Monday, January 26, 2015

On the Relevancy of Beauty and the Beast

I've been wondering for the last few years why there hasn't been a good version of Beauty and the Beast coming out. There is so much about this story that has so much relevance toward everything that we've been enjoying in movies and fiction lately, so I don't know why the story hasn't been more in the front lines. Until now, that is. Now we learn that Emma Watson will be playing Belle in Disney's new live action version. I'm guessing it will be (like Cinderella seems to be) very close to the animated version. I'll be eager to see how it turns out.

But all this brings me back to why Beauty and the Beast is such a modern story. Maybe it's because Disney did such a good job of reimagining it back in 1991. If you've read anything of Gabrielle-Suzanne Barbot de Villeneuve's 1740 version (click here to read a few thoughts I had on it) of the story, it reads very much like a mid-eighteenth century novel in the concepts of politics, marriage, and women. But Disney's movie pulled out a fairy tale skeleton and painted it over with modern interests: adventure, imagination, individuality, and a fresh start. 

Belle's father is an inventor instead of a merchant: that removes all the political implications that came with him being a merchant at that particular point in history and simply makes him a unique man trying to follow his dream despite the entire town making fun of his efforts. Belle isn't a quiet girl who obeys her father's wishes and tries to make due with her family's loss of money; she's an intelligent young woman who wants to have a place in life to live out all her potential, complete with all the adventure of a life lived fully.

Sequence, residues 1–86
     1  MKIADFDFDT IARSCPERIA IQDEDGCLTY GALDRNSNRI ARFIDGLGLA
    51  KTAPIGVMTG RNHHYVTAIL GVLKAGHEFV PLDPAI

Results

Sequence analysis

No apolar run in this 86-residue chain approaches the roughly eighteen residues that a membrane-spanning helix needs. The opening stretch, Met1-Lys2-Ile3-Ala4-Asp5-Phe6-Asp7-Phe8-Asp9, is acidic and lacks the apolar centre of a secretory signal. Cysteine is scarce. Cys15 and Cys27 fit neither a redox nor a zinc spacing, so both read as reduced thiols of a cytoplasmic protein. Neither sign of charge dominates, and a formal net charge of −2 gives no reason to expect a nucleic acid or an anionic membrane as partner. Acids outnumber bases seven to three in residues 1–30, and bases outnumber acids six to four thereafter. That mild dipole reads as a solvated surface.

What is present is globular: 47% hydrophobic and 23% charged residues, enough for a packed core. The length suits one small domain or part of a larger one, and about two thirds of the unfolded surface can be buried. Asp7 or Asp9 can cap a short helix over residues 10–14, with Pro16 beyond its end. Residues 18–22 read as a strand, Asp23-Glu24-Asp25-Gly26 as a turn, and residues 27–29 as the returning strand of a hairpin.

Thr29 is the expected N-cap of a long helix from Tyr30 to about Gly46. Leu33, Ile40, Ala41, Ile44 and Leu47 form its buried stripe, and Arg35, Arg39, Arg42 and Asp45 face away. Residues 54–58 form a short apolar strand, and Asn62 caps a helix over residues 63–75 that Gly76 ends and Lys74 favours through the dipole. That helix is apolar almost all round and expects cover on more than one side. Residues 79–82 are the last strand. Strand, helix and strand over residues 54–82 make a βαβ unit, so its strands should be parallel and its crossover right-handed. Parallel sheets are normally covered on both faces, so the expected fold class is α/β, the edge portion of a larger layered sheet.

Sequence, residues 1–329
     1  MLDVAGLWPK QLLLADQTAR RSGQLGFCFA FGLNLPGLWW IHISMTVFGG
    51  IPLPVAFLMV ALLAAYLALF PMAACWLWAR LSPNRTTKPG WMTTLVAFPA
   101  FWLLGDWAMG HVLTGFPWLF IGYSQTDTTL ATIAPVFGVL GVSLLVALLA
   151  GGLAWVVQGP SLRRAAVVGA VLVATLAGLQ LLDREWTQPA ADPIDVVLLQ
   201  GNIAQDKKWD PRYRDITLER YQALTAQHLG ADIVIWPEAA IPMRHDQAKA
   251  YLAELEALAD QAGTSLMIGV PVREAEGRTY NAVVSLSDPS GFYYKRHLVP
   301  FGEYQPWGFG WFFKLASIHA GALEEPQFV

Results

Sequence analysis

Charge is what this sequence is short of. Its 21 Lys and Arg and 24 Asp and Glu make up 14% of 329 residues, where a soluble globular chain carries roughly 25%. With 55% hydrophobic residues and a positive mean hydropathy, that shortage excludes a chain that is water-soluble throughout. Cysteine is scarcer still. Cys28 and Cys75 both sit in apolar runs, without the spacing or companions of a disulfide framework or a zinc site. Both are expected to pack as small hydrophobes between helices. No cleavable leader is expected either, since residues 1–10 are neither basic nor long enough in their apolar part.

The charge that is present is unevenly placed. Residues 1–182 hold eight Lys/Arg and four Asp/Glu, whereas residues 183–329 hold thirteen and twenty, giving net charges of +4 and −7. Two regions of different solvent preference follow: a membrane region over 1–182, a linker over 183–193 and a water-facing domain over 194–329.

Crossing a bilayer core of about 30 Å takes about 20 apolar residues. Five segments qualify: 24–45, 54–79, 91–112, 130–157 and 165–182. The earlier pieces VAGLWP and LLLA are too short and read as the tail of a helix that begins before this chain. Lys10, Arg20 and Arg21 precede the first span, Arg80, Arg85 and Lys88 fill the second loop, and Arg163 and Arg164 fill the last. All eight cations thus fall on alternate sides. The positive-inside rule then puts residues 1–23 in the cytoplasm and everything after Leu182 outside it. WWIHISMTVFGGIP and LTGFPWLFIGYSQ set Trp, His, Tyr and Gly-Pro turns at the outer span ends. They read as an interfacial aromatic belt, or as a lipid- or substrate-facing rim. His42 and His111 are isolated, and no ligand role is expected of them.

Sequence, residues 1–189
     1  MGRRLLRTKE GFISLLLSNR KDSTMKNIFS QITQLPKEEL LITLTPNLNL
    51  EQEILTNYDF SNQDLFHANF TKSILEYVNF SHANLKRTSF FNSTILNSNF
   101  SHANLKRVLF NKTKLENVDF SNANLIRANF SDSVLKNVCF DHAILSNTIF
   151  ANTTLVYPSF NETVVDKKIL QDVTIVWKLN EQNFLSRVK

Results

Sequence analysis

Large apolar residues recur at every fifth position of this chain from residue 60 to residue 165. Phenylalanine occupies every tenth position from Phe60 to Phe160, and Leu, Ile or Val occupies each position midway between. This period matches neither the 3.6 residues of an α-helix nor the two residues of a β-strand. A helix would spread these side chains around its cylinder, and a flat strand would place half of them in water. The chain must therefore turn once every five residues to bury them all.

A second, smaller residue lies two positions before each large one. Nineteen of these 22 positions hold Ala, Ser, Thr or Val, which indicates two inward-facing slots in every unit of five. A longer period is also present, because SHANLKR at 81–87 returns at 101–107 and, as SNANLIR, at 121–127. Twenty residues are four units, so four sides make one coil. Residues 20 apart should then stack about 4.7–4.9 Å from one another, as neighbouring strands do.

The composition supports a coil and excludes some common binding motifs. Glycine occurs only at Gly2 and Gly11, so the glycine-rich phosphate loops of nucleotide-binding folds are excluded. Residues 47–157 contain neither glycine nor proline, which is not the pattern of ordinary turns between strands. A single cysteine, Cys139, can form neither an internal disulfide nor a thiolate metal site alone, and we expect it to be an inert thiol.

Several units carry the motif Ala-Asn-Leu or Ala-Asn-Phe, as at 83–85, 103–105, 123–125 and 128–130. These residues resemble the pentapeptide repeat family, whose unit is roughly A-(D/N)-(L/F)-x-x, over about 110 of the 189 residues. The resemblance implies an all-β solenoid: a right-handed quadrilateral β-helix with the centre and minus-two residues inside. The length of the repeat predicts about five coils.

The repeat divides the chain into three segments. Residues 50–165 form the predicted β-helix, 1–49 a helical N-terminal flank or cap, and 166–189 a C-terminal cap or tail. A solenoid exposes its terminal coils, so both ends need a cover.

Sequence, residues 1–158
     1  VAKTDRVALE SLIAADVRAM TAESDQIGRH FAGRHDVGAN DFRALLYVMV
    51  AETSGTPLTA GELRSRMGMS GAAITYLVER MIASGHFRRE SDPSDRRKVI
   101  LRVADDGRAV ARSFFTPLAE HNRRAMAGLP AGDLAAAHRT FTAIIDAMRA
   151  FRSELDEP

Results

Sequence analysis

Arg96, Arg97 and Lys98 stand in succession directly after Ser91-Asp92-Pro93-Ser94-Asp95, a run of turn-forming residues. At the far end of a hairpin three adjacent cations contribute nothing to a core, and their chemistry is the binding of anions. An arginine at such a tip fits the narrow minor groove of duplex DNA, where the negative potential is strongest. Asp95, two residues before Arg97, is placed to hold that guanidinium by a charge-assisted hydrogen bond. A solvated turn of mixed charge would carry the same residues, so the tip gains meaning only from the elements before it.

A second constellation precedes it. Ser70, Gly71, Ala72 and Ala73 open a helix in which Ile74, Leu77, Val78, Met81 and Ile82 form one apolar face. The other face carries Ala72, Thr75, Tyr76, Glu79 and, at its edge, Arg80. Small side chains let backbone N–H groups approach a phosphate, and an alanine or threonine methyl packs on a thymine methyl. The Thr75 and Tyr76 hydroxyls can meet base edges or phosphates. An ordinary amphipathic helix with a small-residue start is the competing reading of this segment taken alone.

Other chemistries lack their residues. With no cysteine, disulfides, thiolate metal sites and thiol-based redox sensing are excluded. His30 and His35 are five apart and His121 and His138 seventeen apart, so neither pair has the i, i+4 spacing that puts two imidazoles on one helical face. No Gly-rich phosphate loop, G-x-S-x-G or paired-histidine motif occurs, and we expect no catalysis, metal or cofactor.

Then we come to the Beast. Belle doesn't have dreams of a prince who needs her help, and the Beast doesn't ask her every day to marry him. So the themes are less about marriage and social status and more about looking past the exterior and about finding redemption. In Belle, the Beast finds the chance to start a new life--but he can only start that new life if she can ignore his (literally) cursed facade. This theme of wanting to begin again is very relevant, as is Belle's sacrifice, her choice to stay at the castle to save her father (Bella, Harry Potter, and Katniss and every other character that's been popular lately all make sacrifices to save the people they care about).

And then there is the more obvious inclusion of fantasy. Unlike other fairy tales, Beauty and the Beast takes place in a real world with fantastic elements. It's France in the not too distant past, just with an enchantress and a spell. Just one enchantress and one spell mean that there is enough of reality to let the fantasy be all the more powerful and believable. And need I even mention that the Beast is very like a werewolf?

While Belle is a character we can associate ourselves with and look up to, it's the Beast that carries the plot in Disney's version; it's the Beast who, like us, wants the chance to be accepted and forgiven, to have the past set aside in favor of a brighter future.

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